Azur et Asmar was an animated movie I watched a lot of times during my childhood.I came across it recently and wanted to talk about it.
Azur and Asmar, two children raised on the same legends, are like brothers to one other. Jenane, their nanny, educates both her son Asmar, who is dark-haired and has black eyes, and his master, Azur, who is blond and has blue eyes. The boys are violently separated at the age of reason. Azur’s father sends his son to town to study, and the nanny and Asmar are ejected.Azure is growing. He fantasizes about rescuing the jinn fairy, the heroine of a story Jenane . He discovers Jenane, who has become the widow of a wealthy merchant, after crossing the sea. Asmar has matured, he too want to marry the jinn fairy. The two young men decide to travel together before going their separate ways to try their luck. Obstacles will be put across their route. They will be pursued by thieves and will have to avoid a band of slave dealers’ traps before facing a series of obstacles requiring the use of magic keys.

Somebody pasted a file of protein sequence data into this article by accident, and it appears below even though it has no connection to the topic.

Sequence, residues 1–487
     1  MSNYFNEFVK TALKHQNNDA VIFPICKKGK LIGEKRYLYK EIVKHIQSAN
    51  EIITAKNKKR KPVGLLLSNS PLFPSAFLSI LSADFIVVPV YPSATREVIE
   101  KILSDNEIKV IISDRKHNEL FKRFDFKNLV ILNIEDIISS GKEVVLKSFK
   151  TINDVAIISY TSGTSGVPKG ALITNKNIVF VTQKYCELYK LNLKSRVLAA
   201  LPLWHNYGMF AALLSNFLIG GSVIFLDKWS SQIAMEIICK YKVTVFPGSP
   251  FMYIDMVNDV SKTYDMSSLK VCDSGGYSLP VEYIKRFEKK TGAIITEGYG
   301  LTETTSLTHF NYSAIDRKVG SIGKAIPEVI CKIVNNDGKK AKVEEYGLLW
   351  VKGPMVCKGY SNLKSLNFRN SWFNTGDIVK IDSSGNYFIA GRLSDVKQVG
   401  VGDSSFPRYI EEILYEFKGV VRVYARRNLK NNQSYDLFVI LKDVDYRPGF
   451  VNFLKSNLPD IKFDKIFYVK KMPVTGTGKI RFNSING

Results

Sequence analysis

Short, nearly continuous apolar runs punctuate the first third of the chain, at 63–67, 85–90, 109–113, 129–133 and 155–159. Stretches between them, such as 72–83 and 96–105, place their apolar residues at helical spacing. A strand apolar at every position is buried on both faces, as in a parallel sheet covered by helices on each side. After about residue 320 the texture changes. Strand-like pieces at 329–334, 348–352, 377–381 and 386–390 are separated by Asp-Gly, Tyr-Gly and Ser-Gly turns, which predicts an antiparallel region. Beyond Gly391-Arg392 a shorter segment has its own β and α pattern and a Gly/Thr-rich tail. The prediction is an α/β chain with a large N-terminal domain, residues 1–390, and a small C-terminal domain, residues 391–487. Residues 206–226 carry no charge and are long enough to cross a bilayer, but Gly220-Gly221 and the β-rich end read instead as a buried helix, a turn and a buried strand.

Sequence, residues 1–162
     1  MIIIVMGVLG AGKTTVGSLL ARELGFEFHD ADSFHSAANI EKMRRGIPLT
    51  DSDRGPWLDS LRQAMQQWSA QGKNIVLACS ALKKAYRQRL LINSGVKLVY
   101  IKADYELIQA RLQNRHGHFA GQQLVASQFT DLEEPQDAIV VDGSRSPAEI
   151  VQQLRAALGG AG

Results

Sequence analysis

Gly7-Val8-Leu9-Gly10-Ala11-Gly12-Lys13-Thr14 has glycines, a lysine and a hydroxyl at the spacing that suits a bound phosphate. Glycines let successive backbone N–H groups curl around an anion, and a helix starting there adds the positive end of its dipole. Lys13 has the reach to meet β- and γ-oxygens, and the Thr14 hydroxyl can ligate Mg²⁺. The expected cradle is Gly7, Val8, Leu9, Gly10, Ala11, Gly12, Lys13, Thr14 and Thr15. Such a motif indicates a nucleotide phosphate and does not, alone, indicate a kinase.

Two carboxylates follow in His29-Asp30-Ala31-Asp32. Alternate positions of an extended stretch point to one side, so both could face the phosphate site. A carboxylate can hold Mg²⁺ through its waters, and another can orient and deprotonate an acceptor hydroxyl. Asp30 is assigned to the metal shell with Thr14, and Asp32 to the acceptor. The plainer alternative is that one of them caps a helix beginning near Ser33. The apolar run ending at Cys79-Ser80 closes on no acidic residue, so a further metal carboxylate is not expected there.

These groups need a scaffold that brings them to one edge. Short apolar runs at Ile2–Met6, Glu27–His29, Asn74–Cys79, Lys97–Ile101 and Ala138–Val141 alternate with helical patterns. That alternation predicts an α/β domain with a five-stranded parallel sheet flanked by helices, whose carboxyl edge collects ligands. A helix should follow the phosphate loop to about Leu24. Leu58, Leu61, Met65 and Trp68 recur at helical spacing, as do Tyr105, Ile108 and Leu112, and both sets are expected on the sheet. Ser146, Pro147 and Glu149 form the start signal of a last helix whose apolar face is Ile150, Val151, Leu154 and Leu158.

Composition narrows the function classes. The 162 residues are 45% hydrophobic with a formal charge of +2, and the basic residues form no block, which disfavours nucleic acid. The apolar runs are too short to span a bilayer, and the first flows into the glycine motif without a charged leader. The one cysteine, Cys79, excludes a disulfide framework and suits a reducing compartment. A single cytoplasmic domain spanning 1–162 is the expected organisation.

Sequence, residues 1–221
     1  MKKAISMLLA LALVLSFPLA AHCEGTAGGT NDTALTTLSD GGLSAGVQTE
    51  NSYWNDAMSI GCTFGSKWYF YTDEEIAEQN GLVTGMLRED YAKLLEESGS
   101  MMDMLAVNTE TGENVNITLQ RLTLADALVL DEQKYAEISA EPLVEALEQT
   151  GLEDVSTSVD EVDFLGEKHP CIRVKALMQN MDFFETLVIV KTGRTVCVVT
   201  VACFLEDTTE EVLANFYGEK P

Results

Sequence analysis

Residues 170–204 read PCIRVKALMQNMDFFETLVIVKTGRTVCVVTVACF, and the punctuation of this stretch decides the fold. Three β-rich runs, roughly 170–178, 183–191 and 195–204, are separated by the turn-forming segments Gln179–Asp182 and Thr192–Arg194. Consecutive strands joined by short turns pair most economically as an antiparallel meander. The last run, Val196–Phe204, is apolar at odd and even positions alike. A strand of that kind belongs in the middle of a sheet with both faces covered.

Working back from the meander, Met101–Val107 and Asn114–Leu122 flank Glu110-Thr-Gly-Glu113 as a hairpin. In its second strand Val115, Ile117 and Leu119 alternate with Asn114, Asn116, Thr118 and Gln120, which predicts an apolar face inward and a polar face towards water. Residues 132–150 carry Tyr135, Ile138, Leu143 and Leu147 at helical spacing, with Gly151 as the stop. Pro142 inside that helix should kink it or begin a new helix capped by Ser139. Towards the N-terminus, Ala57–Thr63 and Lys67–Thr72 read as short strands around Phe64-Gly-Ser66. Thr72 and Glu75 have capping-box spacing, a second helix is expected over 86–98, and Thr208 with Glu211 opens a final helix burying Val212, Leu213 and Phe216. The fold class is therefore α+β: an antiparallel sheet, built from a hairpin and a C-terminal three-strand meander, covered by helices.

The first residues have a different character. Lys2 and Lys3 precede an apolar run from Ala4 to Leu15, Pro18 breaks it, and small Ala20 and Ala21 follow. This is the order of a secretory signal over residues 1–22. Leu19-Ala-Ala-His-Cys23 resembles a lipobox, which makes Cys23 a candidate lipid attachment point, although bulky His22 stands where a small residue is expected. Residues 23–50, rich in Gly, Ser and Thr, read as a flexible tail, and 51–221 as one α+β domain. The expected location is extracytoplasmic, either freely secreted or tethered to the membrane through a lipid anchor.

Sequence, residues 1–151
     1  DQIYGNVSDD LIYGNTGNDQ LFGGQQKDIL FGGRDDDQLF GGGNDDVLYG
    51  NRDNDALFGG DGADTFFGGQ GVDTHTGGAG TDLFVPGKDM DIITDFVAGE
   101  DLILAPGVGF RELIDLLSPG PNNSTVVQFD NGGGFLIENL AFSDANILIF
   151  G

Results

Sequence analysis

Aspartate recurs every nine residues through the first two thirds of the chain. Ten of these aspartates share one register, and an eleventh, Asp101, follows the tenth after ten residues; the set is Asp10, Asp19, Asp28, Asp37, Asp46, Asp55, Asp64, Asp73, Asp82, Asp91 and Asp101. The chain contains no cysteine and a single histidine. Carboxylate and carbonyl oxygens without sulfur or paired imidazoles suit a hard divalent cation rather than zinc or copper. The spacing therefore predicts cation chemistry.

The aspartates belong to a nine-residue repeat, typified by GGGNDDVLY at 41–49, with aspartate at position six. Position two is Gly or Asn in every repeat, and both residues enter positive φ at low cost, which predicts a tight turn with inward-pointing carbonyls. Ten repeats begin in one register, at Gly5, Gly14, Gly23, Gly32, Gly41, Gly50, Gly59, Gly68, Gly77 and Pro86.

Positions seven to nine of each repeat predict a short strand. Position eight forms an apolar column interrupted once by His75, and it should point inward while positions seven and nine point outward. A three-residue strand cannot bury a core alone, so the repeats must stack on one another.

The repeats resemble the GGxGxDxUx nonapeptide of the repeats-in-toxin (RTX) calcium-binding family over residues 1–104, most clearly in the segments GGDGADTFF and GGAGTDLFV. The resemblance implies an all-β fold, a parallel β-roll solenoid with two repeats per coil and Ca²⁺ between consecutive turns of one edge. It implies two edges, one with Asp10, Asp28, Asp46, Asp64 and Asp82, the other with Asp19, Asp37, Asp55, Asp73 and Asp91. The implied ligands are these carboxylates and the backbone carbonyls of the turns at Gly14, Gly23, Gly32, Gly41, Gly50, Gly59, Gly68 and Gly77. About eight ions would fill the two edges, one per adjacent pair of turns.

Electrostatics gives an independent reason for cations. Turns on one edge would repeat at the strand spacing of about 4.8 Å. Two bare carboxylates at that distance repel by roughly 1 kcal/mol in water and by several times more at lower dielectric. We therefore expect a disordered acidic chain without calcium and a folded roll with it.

Throughout the whole movie we are amazed by the colors used and architecture of this movie.
All of that architecture reminded me of the islamic period we studied in class.By doing some research it was in fact what inspired the author.He used Andalusia’s mosques.The author also traveled to the Maghreb countries for thorough documentation. He was influenced by the mosques of Istanbul and the monuments of Andalusia in terms of architecture. The clothes were based on examples from the 16th century Persian civilisation. He also drew inspiration from European paintings from the 15th century, such as Flemish and French miniaturists.